McCorker v. Warden
OPINION AND ORDER: Christopher McCorker's 1 petition for writ of habeas corpus is DENIED. The clerk is DIRECTED to close the case. Signed by Chief Judge Jon E DeGuilio on 10/15/2020. (Copy mailed to pro se party)(bas)
UNITED STATES DISTRICT COURT
NORTHERN DISTRICT OF INDIANA
SOUTH BEND DIVISION
CAUSE NO.: 3:17-CV-827-JD-MGG
OPINION AND ORDER
Christopher McCorker, a prisoner without a lawyer, filed a habeas corpus
petition challenging a disciplinary hearing (ISP 17-08-0115) where a Disciplinary
Hearing Officer (DHO) found him guilty of assault with a deadly weapon in violation
of Indiana Department of Correction (IDOC) offense A-102. ECF 1 at 1. As a result, he
was sanctioned with the loss of 90 days earned credit time and a demotion in credit
class, in addition to a loss of phone and commissary privileges and an order to pay
restitution. ECF 1 at 1; ECF 1-1 at 16.
The Fourteenth Amendment guarantees prisoners certain procedural due
process rights in prison disciplinary hearings: (1) advance written notice of the charges;
(2) an opportunity to be heard before an impartial decision-maker; (3) an opportunity to
call witnesses and present documentary evidence in defense, when consistent with
institutional safety and correctional goals; and (4) a written statement by the fact-finder
of evidence relied on and the reasons for the disciplinary action. Wolff v. McDonnell, 418
U.S. 539, 563-73 (1974). To satisfy due process, there must also be “some evidence” in
the record to support the guilty finding. Superintendent, Mass Corr. Inst. v. Hill, 472 U.S.
445, 455 (1985).
On August 4, 2017, an inmate attacked Offender Coleman with a weapon,
resulting in serious injuries. After reviewing video evidence and identifying McCorker
as the assailant, Sgt. Lott charged McCorker with assaulting Coleman with a deadly
weapon, in violation of offense A-102. The conduct report alleges the following:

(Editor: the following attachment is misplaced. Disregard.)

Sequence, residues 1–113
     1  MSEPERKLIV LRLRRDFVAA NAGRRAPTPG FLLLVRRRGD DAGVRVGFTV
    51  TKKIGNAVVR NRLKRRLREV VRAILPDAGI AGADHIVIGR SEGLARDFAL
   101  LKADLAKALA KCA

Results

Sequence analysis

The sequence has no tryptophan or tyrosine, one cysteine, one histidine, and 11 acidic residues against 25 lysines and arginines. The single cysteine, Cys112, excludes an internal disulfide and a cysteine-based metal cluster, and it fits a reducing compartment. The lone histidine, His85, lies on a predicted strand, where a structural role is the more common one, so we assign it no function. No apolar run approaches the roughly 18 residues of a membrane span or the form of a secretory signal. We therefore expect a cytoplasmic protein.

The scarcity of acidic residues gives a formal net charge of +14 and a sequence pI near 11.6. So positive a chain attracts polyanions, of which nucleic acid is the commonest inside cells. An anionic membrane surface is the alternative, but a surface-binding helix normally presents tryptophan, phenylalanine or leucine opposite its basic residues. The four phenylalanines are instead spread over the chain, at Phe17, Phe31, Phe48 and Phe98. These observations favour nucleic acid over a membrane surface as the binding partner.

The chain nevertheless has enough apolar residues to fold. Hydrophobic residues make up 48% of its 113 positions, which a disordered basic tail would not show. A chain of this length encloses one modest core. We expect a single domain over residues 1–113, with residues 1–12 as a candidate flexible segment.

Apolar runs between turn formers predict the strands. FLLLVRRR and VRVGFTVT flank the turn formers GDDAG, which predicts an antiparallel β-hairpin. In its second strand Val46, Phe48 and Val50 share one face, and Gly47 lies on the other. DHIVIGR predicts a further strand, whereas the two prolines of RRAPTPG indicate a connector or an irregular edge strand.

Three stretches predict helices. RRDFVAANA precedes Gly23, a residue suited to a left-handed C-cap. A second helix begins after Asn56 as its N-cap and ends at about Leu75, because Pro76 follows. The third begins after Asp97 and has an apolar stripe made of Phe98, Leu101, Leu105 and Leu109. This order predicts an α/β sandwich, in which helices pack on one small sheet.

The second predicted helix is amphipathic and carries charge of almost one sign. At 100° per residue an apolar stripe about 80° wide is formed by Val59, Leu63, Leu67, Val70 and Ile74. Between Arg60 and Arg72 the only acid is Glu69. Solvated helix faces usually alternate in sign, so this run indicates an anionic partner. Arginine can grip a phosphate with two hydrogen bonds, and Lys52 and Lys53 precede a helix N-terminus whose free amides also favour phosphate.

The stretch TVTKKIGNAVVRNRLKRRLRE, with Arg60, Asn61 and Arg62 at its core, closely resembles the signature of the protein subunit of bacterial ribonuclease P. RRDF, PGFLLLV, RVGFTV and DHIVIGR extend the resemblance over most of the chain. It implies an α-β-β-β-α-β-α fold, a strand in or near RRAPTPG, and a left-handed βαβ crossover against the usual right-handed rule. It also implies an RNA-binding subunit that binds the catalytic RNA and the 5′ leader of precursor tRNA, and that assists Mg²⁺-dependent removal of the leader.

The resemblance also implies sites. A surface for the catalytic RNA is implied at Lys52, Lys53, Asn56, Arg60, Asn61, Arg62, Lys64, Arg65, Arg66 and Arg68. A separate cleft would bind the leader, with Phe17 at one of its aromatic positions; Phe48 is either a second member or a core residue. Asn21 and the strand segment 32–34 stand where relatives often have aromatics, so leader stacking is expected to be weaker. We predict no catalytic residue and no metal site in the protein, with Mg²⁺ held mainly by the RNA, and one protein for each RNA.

On 8-4-17 at approximately 1:45pm, while reviewing the camera I Sgt. Lott
noticed on CE 100 range Offender McCorker, Christopher #113426
assaulting Offender Coleman with a deadly weapon. Due to further
investigation the weapon was recovered and sent to I.A.
McCorker was notified of the charge on August 14, 2017. He pled not guilty. He
did not ask to have any witnesses at his hearing. He did, however, ask for a camera
review and “anything that I.A. has already gotten on me,” including DNA evidence
from the knife. ECF 8-10.
The DHO reviewed the surveillance footage and summarized it as follows:
On [August 4, 2017] and approx. time OF 1:45PM offender McCorker is
seen at the back of 100 East side range in CCH. He is assaulting offender
Coleman with a weapon that is seen in his right hand. He throws the
offender to the ground and continues to assault as [he] is on the ground.
The DHO also emailed Charles Whalen with the Office of Intelligence and
Investigations (OII) 1 and directed him to look at McCorker’s screening report - where
McCorker asked for information from internal affairs - and respond accordingly. ECF 8-
Internal Affairs is now known as the Office of Intelligence and Investigations.
11. Whalen responded to the DHO’s email by indicating that evidence, including DNA